Shull also mentioned that there had recently been two school bus accidents, but that no one was injured in either incident.
In the Action Items section of the meeting, the board unanimously passed the Course Catalogue for next year and the and school calendar for the next two school years. In upcoming years, no school will be held on the Monday before election day nor election day itself. Winter Break for next year and the year after will provide students and teachers two weeks off before January classes begin.
The board also voted to allow those as young as 20 years old to work as Substitute Teachers at Pulaski County High School. The move comes as administrators at PCPS have had difficulty in hiring enough substitutes to keep teaching positions staffed.
Put forth after last month’s call to hire another Resource Officer at PCHS, the board voted unanimously to support a Memorandum of Understanding (MOU) between the school system and the Pulaski County Sheriff’s Department.
The MOU reads in part that the goal of this collaboration is, “To create and maintain safe and secure school environments … to reduce and prevent crime, violence, victimization and fear in and around the schools.”
As he did in last month’s meeting, School Board member Bill Benson requested that administrators find money in the budget to better compensate school bus drivers. Benson noted that school bus drivers are sometimes on the road before sunrise and after sunset and must be “on call” in the hours in between because of weather or other emergency situations.
The shortage of school bus drivers at Pulaski County Public Schools has resulted in frequent and lengthy delays in picking children up from school and taking them back home from school. Benson suggested that the county provide health insurance or some other financial incentive to keep the busses rolling.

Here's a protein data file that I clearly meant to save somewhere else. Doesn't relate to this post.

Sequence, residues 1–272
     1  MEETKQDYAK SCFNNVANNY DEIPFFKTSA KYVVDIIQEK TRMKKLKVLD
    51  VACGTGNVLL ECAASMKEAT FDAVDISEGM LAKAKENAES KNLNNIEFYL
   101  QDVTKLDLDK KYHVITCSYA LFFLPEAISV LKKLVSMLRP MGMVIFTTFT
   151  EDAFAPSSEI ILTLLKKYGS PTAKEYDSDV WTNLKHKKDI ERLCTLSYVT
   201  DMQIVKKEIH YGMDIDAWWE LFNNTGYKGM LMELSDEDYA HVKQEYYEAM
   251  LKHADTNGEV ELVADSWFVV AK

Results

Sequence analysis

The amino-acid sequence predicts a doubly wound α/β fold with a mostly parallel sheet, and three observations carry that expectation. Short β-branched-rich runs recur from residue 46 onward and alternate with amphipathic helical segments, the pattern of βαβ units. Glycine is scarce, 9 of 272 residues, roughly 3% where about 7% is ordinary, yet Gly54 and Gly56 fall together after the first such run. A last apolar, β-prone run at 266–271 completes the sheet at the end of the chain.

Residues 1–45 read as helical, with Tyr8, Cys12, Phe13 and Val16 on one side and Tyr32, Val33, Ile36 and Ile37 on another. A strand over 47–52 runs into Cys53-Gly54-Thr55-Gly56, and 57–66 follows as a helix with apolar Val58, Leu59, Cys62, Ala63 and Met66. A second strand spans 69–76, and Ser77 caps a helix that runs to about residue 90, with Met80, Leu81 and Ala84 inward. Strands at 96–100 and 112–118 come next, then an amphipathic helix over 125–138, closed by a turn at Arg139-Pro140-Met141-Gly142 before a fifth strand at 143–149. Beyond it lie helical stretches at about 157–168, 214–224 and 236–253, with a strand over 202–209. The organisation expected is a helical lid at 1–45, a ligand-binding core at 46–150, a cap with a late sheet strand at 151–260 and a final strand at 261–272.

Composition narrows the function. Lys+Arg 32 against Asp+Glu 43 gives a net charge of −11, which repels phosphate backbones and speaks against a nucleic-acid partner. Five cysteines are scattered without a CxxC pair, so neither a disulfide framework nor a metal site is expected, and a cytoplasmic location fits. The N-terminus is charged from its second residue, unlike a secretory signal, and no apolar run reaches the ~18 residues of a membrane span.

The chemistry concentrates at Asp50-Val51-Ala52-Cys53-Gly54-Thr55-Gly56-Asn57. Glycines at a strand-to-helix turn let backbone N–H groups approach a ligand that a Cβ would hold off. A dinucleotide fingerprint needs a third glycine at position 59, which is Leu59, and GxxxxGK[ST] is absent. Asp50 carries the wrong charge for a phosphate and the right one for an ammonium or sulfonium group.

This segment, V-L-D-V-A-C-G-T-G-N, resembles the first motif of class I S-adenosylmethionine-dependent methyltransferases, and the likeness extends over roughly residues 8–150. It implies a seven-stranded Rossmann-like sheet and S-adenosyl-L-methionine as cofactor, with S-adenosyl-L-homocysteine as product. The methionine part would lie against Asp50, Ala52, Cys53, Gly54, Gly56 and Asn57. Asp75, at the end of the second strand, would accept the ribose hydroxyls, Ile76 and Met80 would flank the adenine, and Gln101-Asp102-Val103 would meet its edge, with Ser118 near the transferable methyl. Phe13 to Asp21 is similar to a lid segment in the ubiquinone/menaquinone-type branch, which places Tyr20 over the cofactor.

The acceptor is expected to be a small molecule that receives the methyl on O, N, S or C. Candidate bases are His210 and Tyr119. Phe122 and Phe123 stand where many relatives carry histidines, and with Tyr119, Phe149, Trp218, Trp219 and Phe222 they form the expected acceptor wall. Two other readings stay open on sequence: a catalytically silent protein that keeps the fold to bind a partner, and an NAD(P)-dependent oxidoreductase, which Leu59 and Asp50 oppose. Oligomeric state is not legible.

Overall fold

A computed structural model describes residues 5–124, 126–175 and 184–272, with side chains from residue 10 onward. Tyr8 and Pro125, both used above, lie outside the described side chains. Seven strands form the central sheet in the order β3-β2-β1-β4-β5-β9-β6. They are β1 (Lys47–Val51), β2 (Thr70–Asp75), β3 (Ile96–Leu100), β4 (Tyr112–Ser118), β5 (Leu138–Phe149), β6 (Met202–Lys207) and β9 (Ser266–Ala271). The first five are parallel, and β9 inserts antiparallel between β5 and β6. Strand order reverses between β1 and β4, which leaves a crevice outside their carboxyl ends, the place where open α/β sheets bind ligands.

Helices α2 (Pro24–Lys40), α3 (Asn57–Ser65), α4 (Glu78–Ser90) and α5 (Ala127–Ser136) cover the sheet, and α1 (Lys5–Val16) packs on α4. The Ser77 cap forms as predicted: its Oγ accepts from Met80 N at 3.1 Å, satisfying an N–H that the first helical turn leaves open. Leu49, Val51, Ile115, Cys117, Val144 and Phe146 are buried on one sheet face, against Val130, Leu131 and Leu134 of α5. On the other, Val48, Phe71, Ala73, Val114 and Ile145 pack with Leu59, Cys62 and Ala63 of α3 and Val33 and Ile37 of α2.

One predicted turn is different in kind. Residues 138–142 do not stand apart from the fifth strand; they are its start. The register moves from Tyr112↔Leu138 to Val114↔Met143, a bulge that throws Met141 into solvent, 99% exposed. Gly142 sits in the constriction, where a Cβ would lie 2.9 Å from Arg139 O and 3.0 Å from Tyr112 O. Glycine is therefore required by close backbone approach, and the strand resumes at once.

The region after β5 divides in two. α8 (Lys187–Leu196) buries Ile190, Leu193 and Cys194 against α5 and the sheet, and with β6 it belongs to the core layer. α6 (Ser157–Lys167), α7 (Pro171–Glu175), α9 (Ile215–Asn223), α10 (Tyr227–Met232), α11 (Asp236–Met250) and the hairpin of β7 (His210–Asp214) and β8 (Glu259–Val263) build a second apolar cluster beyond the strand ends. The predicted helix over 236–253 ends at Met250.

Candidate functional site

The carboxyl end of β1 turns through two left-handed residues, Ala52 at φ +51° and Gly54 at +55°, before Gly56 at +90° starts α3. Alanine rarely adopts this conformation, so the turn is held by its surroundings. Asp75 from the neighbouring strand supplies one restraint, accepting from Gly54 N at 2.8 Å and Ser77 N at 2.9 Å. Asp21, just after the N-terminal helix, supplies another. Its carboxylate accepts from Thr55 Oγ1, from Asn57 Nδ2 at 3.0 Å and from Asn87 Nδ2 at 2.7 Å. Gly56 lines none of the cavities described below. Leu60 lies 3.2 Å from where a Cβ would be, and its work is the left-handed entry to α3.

Siers stated that there was no room in this year’s budget for better compensating bus drivers, but that this could be considered for the next year’s budget.
The topic of school busses came up again at the second public comment section of the meeting. Brandon Hinkley, father of 11-year-old Natalie Hinkley, informed the board that his daughter was on the bus when a crash happened on December 9th.
“No one informed me about the accident,” Hinkley stated. “I know when my child doesn’t show up for school because you guys call. I know when she didn’t wear a mask because somebody complained. I know about SOLs because I get two or three phone calls about that a day. But absolutely nothing about the welfare of my child … shame on you!”
Board member Paige Cash said that she was told that no one was hurt in the accident.
“Who told you?” asked Brandon Hinkley.
“Dr. Siers told all of us,” Cash responded.
“That’s fantastic,” said Hinkley. “That’s more communication than I got, and my child was on that bus.”
“We don’t have a list of which child is on which bus,” said board member Benson.
“How many administrators called to check on those children?” asked Hinkley.
“I can’t answer that,” said Benson.
“I can,” Hinkley retorted. “None of them.”
His wife, Jessica Hinkley addressed the board next. According to Jessica, trauma caused by the accident caused her daughter to have a serious headache.
“I’m not upset there was an accident,” said Jessica Hinkley. “I’m upset because no one cared enough to call and ask if my daughter was okay. Mr. Shull informed my husband that the people in charge of communication were all on vacation.”
After some discussion, Cash agreed that the school system should inquire about the health of students involved in school bus accidents.
“That’s fair … that’s fair,” added Hurst.
Board member Penny Golden apologized for the oversight and vowed to find a way to correct the communications breakdown.
Siers apologized, as well, and assured the board members that “another step in the protocol” had already been added to notify parents when their child is involved in an accident.
By WILLIAM PAINE, For The Patriot